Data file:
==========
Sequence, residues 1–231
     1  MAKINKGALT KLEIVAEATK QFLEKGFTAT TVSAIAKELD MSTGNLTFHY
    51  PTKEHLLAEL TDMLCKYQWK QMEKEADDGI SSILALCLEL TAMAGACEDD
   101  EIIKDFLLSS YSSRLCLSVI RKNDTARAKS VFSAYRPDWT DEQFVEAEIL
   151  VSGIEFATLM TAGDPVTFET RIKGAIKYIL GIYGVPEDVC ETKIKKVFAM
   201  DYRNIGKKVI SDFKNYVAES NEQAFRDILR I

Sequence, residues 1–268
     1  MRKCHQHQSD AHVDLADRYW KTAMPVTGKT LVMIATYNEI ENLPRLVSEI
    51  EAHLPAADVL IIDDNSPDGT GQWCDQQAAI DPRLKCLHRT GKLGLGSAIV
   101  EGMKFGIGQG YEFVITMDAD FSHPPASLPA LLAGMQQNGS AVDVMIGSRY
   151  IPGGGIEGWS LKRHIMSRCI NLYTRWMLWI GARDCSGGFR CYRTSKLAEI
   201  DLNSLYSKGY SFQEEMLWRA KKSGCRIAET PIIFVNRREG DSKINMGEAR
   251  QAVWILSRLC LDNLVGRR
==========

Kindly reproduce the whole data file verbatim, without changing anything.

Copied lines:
Sequence, residues 1–231
     1  MAKINKGALT KLEIVAEATK QFLEKGFTAT TVSAIAKELD MSTGNLTFHY
    51  PTKEHLLAEL TDMLCKYQWK QMEKEADDGI SSILALCLEL TAMAGACEDD
   101  EIIKDFLLSS YSSRLCLSVI RKNDTARAKS VFSAYRPDWT DEQFVEAEIL
   151  VSGIEFATLM TAGDPVTFET RIKGAIKYIL GIYGVPEDVC ETKIKKVFAM
   201  DYRNIGKKVI SDFKNYVAES NEQAFRDILR I

Sequence, residues 1–268
     1  MRKCHQHQSD AHVDLADRYW KTAMPVTGKT LVMIATYNEI ENLPRLVSEI
    51  EAHLPAADVL IIDDNSPDGT GQWCDQQAAI DPRLKCLHRT GKLGLGSAIV
   101  EGMKFGIGQG YEFVITMDAD FSHPPASLPA LLAGMQQNGS AVDVMIGSRY
   151  IPGGGIEGWS LKRHIMSRCI NLYTRWMLWI GARDCSGGFR CYRTSKLAEI
   201  DLNSLYSKGY SFQEEMLWRA KKSGCRIAET PIIFVNRREG DSKINMGEAR
   251  QAVWILSRLC LDNLVGRR